Running with the Dunning Effect


James Patrick Holding

Article ID:



Jul 31, 2022


Feb 18, 2011

Perhaps one of the most endearing characters in television history is Ted Baxter from the 1970s sitcom, The Mary Tyler Moore Show. Played by actor Ted Knight, Baxter was a news anchorman with an excellent voice, a handsome face, and little else to commend him to his job. He was best known for hilarious mispronunciations during his news broadcasts, and for believing himself to be one of the greatest anchormen on the airwaves. His self-confidence was symbolized by his dressing room, which he set up as a veritable shrine to himself, the walls filled with his own pictures and reputed awards. The interplay between the egotistical Baxter and the more sensible members of the news staff was a constant source of humor for the program.

Baxter’s inflated assessment of his own abilities offers a fictional example of a real-life behavioral condition called the Dunning Effect. In 1999, David Dunning, a professor of psychology at Cornell University, and Justin Kruger, a graduate student, completed a study for the Journal of Personality and Social Psychology that led to a disturbing conclusion: like the fictional Ted Baxter, most incompetent people are unaware of their own incompetence, often blissfully, and possess an unwarranted assurance in their own capabilities and knowledge.

Dunning and Kruger focused their study specifically on their subjects’ competence in logic, grammar, and humor, but it does not take a great deal of experience in Christian apologetics and evangelism to discover that the Dunning Effect is prevalent in religion and spirituality as well. As apologists, we often will find ourselves in conversation with people who suffer from the Dunning Effect, and if we are not prepared for these encounters, they can become frustrating or difficult experiences.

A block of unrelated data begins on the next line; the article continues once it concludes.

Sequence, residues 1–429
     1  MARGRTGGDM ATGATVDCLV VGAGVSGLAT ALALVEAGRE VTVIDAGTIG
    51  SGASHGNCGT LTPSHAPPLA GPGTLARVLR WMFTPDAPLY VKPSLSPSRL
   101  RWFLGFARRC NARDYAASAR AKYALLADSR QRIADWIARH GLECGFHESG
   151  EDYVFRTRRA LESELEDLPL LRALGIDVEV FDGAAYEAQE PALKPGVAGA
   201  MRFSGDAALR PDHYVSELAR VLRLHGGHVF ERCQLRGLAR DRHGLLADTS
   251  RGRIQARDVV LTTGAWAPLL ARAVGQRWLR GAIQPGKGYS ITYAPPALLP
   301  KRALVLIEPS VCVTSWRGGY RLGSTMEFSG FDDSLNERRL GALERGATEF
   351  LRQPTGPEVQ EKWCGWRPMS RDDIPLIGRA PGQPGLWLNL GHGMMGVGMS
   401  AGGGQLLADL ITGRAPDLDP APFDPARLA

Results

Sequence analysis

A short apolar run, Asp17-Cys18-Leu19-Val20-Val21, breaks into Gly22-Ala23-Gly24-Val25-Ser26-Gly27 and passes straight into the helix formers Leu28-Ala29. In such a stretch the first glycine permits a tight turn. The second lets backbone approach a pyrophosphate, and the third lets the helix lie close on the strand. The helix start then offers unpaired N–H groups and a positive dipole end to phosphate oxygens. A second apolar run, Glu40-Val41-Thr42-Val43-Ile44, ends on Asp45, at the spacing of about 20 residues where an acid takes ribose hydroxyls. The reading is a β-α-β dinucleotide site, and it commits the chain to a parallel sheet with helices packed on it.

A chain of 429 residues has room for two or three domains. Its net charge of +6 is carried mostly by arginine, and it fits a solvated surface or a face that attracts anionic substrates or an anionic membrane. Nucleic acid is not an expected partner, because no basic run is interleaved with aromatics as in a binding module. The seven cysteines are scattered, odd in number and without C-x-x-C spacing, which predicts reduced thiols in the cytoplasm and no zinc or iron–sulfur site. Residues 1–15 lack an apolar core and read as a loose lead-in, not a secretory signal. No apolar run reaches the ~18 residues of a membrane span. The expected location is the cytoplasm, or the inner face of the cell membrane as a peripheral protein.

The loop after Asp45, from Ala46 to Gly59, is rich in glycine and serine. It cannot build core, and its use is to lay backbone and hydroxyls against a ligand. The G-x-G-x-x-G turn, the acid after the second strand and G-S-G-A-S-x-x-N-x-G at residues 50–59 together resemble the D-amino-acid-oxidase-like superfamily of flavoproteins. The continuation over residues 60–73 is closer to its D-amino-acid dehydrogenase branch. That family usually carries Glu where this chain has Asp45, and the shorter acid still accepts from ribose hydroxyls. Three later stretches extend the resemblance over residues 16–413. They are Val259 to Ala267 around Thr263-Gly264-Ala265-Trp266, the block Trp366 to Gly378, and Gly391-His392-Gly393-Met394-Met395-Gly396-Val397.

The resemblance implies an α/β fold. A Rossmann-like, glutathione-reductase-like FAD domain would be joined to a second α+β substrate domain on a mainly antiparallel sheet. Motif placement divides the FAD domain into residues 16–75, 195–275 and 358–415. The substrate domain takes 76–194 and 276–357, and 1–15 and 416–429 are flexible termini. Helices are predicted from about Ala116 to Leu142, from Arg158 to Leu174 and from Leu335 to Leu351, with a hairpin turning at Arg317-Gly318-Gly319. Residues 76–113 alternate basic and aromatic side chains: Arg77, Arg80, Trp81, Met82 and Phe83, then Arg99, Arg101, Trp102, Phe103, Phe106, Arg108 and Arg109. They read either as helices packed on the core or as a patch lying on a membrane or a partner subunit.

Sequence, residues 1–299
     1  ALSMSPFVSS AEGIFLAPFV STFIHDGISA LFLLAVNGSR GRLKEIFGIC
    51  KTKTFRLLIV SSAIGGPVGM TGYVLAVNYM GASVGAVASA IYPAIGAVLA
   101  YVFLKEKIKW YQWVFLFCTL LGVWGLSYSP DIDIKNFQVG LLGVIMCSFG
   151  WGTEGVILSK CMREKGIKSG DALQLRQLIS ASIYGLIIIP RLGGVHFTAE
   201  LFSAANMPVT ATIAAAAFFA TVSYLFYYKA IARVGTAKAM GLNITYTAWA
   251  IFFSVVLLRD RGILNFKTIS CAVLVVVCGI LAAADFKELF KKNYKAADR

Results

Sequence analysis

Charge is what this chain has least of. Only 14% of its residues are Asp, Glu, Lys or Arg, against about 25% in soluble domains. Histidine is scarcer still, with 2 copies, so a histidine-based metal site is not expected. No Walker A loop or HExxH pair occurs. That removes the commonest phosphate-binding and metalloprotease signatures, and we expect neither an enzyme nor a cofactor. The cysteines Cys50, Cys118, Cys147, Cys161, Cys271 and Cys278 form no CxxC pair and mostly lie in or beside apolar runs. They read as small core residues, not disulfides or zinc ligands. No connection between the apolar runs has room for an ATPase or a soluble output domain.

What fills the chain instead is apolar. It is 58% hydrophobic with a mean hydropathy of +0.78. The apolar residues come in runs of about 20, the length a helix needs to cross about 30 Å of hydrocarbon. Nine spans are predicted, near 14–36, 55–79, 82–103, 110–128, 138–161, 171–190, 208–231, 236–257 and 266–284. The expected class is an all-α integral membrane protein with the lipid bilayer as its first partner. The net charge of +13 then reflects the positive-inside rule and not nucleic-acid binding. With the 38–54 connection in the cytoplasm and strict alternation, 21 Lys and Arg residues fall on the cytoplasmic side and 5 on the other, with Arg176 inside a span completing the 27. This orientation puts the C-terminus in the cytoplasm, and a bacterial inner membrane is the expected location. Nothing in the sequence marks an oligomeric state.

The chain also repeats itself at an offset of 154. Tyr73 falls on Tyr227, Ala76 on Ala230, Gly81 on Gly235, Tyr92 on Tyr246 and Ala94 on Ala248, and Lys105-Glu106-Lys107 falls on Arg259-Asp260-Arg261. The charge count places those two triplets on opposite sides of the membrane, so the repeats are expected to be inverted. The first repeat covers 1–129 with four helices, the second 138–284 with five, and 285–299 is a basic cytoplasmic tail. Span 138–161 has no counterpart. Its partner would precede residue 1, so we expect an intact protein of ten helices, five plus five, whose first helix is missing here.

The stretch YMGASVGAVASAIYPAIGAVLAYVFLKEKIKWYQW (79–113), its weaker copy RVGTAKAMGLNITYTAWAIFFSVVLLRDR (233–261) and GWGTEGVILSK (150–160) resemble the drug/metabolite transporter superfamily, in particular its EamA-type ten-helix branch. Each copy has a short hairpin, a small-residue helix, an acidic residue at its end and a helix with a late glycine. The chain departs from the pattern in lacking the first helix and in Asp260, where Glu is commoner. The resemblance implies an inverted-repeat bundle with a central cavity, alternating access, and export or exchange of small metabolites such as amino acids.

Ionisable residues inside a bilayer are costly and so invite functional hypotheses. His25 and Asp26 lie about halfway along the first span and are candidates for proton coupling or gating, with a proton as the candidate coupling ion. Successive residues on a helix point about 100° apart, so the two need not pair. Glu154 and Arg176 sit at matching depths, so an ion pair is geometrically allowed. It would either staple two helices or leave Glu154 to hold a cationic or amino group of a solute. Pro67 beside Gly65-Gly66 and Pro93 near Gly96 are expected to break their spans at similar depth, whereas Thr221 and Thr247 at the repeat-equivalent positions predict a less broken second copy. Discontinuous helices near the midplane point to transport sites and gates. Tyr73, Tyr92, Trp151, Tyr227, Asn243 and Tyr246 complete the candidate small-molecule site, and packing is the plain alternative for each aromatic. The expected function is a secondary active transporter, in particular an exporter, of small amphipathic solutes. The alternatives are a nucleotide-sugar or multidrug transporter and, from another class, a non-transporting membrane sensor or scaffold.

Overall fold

Dunning Effects. It is quite normal for someone to assert an incorrect position confidently on a given topic. A person who does this merely occasionally is not necessarily afflicted with the Dunning Effect. The Dunning Effect only becomes apparent when someone makes incorrect assertions repeatedly, and substantive corrections do not erode his or her confidence. The Dunning Effect also may be detected by a question such as, “Do you consider yourself to be knowledgeable about this subject?” A person who confidently answers this question in the affirmative, yet repeatedly makes considerable errors regarding the subject matter may be a victim of the Dunning Effect.

Here is an example based on a real-life encounter of mine. Let us suppose that our conversation partners declare without hesitation that the Roman Emperor Constantine (AD 272–337) was at the head of a massive conspiracy to make Christianity the official religion of the Roman Empire, using his military power to persuade others to his views. Ideas like this can be found in a number of popular sources that are antithetical to Christian belief, such as Dan Brown’s book, The Da Vinci Code. Let us assume that you investigate this matter and find that it is false. You research credible sources such as Philip Schaff’s History of the Christian Church or Rodney Stark’s The Rise of Christianity, and find no evidence for the claim that Constantine manipulated church history.